Sleep might not seem like that much of a deal, but it is. Getting enough sleep can have big benefits on your health, just as being chronically sleep deprived carries some serious risks. If you deal with pain on a regular basis, sleep can be a struggle. Hopefully this post convinced you that, if your pain is interfering with your sleep, you should talk to your physician about it. After all, as we noted:
“Sleep deprivation lowers the pain threshold. This means that the more tired an individual is, the more likely he or she is to experience sensations as painful. The increased pain can make falling asleep and staying asleep difficult, which often leads to more sleep deprivation. This becomes a repeating cycle, until it’s difficult to tell which came first – the sleep deprivation or the pain.”
There are a lot of surface similarities between chronic pain and depression. For instance, people suffering from these conditions often face similar misconceptions, like the problem being “all in your head” or that you can “just get over it.” With both chronic pain and depression, though, this is certainly not the case. Both conditions are serious, diagnosable medical conditions that need attention from a physician. And the similarities go even deeper, right down to some of the same centers of the brain being involved in both chronic pain and mood disorders.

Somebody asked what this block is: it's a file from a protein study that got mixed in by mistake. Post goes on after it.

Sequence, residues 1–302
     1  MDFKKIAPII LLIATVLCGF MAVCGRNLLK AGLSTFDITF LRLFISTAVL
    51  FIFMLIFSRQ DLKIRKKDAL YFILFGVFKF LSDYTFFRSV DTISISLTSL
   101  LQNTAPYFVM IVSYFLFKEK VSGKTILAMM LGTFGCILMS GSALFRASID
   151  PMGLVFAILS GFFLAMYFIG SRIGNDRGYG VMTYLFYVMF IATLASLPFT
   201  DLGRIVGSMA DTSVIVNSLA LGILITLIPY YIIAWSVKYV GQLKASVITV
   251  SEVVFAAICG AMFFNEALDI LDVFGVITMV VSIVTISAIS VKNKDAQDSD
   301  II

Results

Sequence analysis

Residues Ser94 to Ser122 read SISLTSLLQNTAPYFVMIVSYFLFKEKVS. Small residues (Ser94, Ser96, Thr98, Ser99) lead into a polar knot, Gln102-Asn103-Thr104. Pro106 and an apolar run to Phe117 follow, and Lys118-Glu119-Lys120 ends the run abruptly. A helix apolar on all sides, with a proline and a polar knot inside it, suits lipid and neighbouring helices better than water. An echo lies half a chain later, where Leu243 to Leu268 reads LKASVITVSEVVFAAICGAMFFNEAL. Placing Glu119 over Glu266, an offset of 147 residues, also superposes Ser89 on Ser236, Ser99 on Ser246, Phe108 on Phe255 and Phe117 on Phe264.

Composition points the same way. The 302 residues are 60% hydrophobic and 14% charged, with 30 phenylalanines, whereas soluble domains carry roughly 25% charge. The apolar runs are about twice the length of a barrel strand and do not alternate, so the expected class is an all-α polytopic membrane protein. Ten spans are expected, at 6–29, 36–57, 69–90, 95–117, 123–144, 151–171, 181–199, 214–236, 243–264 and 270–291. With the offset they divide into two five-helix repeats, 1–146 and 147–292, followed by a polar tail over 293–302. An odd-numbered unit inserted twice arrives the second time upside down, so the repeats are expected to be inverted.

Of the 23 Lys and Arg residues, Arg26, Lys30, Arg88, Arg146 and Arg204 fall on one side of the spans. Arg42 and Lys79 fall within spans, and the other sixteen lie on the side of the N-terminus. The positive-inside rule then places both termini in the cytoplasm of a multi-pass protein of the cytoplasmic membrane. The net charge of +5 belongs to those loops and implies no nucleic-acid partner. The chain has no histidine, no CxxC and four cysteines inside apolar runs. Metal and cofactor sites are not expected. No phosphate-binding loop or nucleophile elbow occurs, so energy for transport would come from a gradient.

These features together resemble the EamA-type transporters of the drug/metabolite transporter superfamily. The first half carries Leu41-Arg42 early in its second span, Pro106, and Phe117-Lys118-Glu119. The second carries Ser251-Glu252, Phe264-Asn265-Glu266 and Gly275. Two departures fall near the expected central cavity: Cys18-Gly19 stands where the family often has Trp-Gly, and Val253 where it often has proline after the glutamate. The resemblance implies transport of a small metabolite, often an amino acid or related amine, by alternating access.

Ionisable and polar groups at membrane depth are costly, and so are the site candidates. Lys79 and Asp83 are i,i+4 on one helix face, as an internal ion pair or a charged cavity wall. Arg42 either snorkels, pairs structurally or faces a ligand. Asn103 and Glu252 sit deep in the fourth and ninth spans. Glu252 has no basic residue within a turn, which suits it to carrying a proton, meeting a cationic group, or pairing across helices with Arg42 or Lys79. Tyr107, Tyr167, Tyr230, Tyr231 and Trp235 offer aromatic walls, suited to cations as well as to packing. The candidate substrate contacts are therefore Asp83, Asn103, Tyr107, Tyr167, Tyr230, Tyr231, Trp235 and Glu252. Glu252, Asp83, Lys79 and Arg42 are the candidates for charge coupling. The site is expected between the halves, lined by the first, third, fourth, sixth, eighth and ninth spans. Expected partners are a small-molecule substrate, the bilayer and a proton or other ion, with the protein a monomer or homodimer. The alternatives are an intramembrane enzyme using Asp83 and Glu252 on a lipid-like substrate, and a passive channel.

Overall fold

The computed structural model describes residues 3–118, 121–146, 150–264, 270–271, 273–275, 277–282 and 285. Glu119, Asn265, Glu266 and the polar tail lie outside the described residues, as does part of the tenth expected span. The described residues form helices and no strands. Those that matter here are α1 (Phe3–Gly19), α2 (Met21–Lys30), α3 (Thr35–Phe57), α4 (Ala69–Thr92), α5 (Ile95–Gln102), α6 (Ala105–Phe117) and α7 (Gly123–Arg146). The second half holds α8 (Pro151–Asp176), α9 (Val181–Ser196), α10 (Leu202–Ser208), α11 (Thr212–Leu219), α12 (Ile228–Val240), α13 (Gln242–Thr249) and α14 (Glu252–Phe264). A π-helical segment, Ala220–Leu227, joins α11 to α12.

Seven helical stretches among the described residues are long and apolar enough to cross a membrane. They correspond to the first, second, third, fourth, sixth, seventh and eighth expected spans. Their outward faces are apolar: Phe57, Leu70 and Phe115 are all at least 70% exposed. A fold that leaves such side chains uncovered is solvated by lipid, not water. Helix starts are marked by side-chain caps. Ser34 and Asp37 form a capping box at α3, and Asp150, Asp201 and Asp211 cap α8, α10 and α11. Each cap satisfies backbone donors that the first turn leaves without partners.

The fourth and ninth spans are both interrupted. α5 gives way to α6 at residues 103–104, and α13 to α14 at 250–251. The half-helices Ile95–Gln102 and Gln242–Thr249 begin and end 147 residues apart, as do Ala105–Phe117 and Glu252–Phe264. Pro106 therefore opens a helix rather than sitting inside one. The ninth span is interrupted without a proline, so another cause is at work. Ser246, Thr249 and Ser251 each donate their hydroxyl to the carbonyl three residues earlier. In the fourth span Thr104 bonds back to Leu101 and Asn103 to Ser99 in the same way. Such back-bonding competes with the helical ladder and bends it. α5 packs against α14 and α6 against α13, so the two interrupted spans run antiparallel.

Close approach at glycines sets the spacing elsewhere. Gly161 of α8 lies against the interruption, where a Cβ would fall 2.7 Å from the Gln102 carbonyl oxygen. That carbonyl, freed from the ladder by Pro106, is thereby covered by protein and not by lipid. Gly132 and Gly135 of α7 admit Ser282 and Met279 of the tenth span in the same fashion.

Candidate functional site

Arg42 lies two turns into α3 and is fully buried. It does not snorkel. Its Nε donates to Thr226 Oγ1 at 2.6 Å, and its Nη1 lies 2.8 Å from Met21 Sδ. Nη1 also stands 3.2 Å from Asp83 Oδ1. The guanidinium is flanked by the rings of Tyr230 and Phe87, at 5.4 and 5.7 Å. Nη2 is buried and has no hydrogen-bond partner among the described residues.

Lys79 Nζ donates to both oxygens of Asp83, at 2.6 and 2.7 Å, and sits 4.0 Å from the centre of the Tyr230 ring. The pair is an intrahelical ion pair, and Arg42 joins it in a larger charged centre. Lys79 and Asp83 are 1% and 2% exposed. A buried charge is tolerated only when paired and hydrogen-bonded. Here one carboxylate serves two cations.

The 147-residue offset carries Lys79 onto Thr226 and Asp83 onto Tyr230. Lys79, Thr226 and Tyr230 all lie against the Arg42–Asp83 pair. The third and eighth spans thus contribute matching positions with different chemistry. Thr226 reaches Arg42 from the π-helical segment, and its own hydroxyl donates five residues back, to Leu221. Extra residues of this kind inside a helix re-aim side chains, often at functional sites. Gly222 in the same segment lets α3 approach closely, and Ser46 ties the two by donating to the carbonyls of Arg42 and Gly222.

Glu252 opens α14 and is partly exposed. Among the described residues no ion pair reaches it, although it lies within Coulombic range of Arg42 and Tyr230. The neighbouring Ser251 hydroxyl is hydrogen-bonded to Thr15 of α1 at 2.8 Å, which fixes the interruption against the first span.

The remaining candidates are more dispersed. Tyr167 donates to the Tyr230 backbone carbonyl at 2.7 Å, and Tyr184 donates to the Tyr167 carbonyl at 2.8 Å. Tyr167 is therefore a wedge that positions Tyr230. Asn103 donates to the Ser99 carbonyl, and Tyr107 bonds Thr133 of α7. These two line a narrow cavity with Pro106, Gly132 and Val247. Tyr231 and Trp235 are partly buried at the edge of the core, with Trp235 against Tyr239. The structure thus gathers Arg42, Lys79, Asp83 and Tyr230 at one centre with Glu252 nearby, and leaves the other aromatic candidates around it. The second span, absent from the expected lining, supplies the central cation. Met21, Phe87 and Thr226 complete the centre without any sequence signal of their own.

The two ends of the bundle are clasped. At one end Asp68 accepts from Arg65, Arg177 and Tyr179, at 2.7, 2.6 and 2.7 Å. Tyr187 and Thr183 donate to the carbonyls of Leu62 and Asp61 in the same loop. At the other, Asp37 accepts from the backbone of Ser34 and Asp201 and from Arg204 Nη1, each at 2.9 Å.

This post is a must-read for anyone who takes opioids (or who has a family member or friend who takes opioids). It covers all the nuts and bolts of opioids, from how they work to the different types to what they treat best to the risks involved.
A common opioid painkiller, hydrocodone, was reclassified last year, along with hydrocodone-based painkillers. We know that for a lot of people with chronic pain, opioids are commonly used for as-needed or breakthrough pain relief, until a less risky pain management technique can be found. In this post we delved into why hydrocodone-based painkillers have been reclassified and how it might impact you.
Dogs are good for your health in lots of ways, and they can even help you manage your pain. For some people, it’s only thanks to their assistive or service dogs that they’re able to function independently. Therapy dogs can make a huge difference to people who are hospitalized or living in assisted care. What it boils down to, though, is that no matter the breed, age, size, or training, your canine best friend does more for you than you realize.
Hopefully this post was as interesting to read as it was to write. Dogs’ super-sensitive noses have been used for jobs like search and rescue or bomb-sniffing for years, but now they’re being trained and put to work in the medical field. Some of these amazing dogs can detect oncoming seizures, allergic reactions, or blood sugar fluctuations in their owners. Others are taught to identify infections or cancers. The really amazing thing is that oftentimes, the dogs are more sensitive than modern medical equipment.
At Pain Doctor, we try to help you live your best life possible, and we truly think that part of that is arming you with all the knowledge you need to make the best decisions about your lifestyle and healthcare. We hope we’ve accomplished that for you, and we hope that we can continue to help you control your pain and enjoy your life to the fullest.
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Fibromyalgia Contact Us Directly
Official Fibromyalgia Blogs